My Blind Date with Jon Bon Jovi
by Lena Roy
It was the end of 1985. My pal Jodi needed to bring a "friend" on her date with the lead guitarist from a metal hair band in New Jersey, because he was also bringing a "friend" - the singer for the band. Would I step in?
Groan. Hair-Metal bands were so not my thing, but it was Jodi - she was older and cooler, and she could have asked anybody else, but she asked me, and I was just a senior in high school. It was right before Christmas vacation and I was flying out the next night to see my parents in San Francisco. I lived at the YWCA in Greenwich Village and they had a curfew, so she said that I could sleep over at her house in the East 20's.
Jodi was 23 - a Wall Street broker by day, and a hair-sprayed Mohawk diva by night. We had met the year before at Danceteria, both of us attracted to this idea of a double life: the good girl/bad girl. I don't know why I didn't think metal was cool, but I didn't. And I don't think I even asked the name of the band because I wouldn't have known anyway.
We went to a party in Chelsea to meet the guys. I wore a black vintage flapper dress that I had bought at Unique Boutique, my red hair sprayed into a flat-top, pale face, red lipstick. Jodi had sprayed her hair into a mohawk, and looked like a dominatrix.
I was nervous walking into the party, I must admit. Everybody was so much older than me! There was no mistaking them - two tall skinny dudes in black leather pants and tremendously big hair. Jodi's date (who went on to become Richie Sambora) had black hair, and mine sported the dirty blonde shag that became famous in the '80's. Jon put me right at ease. He was warm person, and didn't feel the need to put on any act. We didn't stay at the party very long - they wanted to go to the hot new club - The Palladium.
I remember thinking to myself that their band must be pretty successful because they splurged on lots of champagne. Jodi and her date separated themselves from us and Jon and I talked the whole evening. We didn't even dance - just found a quiet corner. I don't think I'd ever talked to a boy that much before! He had just seen The Young Sherlock Holmes and loved it. Perhaps that is my strongest memory . . . just a really nice, down to earth guy.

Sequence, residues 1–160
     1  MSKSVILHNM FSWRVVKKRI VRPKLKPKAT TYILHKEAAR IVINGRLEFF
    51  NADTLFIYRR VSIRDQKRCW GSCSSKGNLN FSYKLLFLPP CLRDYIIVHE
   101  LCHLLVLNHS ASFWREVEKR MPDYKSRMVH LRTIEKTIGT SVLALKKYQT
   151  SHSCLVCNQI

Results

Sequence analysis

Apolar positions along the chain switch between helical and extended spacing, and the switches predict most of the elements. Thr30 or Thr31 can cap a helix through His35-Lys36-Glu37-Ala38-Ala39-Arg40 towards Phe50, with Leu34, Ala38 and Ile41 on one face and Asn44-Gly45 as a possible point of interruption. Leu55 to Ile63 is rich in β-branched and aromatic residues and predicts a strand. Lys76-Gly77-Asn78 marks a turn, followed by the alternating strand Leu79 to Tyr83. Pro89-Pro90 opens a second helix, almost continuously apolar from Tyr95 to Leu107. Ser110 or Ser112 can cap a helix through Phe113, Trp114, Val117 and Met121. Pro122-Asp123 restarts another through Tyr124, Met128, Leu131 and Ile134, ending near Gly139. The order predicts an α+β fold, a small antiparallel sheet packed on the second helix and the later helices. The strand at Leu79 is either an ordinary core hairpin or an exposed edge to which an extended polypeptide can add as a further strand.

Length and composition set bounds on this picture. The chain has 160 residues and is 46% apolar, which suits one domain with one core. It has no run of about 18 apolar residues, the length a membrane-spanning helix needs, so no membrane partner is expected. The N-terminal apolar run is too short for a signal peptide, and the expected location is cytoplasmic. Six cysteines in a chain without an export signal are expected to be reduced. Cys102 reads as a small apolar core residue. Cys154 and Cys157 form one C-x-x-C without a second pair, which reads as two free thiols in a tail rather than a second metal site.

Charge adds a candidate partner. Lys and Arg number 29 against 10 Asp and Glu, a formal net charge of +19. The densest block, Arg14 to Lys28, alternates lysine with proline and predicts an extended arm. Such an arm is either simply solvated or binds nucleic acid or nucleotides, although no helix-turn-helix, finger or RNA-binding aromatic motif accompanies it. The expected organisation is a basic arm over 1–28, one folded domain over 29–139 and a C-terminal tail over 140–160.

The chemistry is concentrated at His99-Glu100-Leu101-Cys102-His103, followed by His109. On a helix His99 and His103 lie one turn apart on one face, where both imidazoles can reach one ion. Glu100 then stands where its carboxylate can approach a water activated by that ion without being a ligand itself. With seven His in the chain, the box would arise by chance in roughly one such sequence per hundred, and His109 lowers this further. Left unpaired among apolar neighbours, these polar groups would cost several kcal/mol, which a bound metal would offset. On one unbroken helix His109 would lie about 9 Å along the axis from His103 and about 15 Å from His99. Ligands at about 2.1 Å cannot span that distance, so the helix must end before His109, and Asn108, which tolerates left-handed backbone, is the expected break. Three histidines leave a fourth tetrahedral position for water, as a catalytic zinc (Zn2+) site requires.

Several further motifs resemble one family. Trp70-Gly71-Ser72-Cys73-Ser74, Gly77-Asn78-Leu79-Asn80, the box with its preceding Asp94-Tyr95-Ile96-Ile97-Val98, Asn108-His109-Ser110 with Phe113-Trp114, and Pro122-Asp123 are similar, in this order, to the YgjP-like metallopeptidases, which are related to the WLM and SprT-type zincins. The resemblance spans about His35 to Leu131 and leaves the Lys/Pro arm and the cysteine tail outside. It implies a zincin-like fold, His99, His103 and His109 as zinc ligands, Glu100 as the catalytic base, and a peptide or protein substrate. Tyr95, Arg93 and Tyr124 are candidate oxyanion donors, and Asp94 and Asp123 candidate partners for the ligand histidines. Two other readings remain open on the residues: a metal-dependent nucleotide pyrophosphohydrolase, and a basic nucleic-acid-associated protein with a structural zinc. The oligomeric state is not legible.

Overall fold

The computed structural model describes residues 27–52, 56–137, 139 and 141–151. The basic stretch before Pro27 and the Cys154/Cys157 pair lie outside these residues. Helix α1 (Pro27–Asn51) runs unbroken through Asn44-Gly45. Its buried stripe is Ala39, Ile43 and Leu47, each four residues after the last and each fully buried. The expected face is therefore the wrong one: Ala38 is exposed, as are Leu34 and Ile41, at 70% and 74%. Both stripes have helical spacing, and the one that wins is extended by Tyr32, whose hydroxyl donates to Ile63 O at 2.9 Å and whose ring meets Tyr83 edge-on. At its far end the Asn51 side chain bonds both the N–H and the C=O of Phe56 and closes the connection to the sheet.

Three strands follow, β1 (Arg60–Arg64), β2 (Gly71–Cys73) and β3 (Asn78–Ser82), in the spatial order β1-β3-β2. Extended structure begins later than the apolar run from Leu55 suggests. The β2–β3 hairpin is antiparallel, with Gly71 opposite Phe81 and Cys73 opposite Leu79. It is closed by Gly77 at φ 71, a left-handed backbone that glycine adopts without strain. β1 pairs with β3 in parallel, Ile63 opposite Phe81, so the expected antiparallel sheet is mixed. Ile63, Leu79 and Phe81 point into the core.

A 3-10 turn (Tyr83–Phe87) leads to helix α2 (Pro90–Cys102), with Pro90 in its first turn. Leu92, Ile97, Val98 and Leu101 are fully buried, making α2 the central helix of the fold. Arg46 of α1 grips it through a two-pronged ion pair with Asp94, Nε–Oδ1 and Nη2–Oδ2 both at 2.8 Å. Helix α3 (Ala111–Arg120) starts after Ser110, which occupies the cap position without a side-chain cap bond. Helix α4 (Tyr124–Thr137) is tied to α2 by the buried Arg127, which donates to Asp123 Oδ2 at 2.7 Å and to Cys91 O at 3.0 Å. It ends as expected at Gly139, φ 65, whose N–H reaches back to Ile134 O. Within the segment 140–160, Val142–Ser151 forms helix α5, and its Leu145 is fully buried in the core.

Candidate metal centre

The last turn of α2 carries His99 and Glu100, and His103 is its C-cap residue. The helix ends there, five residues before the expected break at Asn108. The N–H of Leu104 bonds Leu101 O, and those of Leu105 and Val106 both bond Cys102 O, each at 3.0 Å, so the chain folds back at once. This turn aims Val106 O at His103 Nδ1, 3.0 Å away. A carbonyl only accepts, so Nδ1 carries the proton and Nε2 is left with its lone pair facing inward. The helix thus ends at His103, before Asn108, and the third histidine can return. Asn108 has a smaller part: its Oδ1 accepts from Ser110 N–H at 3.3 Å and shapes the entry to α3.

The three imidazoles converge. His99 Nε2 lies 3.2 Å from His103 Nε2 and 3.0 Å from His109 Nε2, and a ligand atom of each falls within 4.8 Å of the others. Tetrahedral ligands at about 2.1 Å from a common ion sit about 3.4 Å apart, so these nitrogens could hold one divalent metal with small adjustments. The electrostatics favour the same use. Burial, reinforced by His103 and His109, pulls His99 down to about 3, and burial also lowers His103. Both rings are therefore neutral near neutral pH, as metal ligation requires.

We all went back to Jodi's in the middle of the night and I felt safe with Jon - we just cuddled - and I got on the plane to see my family in San Francisco. Of course, all that week I thought about Jon 24/7. Maybe we would go out again!
In January I ran into him at Danceteria, with another girl on his arm - but the look he gave me was so sweet and apologetic, I forgave him instantly. It wasn't meant to be - I was only a senior in high school, and I started dating the lead guitarist for a ska band, which was mush more my style of music, really. At some point that year - 1986 - I was watching MTV and a video came on - "Livin' On a Prayer." Could that be? No! I reached for the phone and called Jodi - were those guys we went out with - were they Bon Jovi? She laughed and said yes.
HB & TCB, JBJ!
Buy Lena Roy's book Edges on Amazon:
And remember, 100,000,000 Bon Jovi fans can't be wrong:
Thursday, March 03, 2011
Theodor Greisel, aka Dr. Seuss, would have turned 107 yesterday. One of the most beloved authors of all time by all ages, his freewheeling imagination and love of wordplay were rivaled in the 20th century only by Bob Dylan. Hmmm, I wonder what would happen if you put them together.
One cat who deceided to put Seuss’ chocolate in Dylan’s peanut butter was Kevin Ryan, a Houston-based music producer.
In 2007, the 33 year-old Ryan had a great idea (and apparently, an incredible amount of free time) and did a mashup of sorts wherein he sang Dr. Seuss words to Blonde on Blonde era Bob Dylan, doing an incredible impersonation of Dylan and playing all the instruments himself, magically capturing what Zimmy called the “thin, wild mercury sound” of that LP.
Ryan's attention to detail in the music is stunning, but I personally find the joke gets a bit old after “Green Eggs and Ham.” (A lot of people feel that way about Dylan.) Apparently Ryan did not think so and made a 7-track long-player called Dylan Hears a Who, which includes cover art, liner notes and his "(Sooner or Later) One of Us Must Know"-ish take on the tale of the Zax.
Dylan Hears a Who was a viral hit and received a lot of coverage, but it was quickly taken down due to a threat of a lawsuit by the Seuss camp in a carefully worded statement:
Of your music we are not fond!
Dr. Seuss has just been conned!
And you sound like Bob on Blonde on Blonde!
Take it down!
It makes us frown!
It makes our underpants turn brown!
We’ll sue your ass!
We’ll sue en masse!
We’ll sue your gallstones when they pass!
You can read about the Dylan Hears a Who saga in a fine 2007 Salon.com artcicle called “Tangled Up In Seuss” (wish I’d thought of that title). And you can probably find the album online somewhere if you look/in every cranny and every nook!
HB & TCB, Dr. S.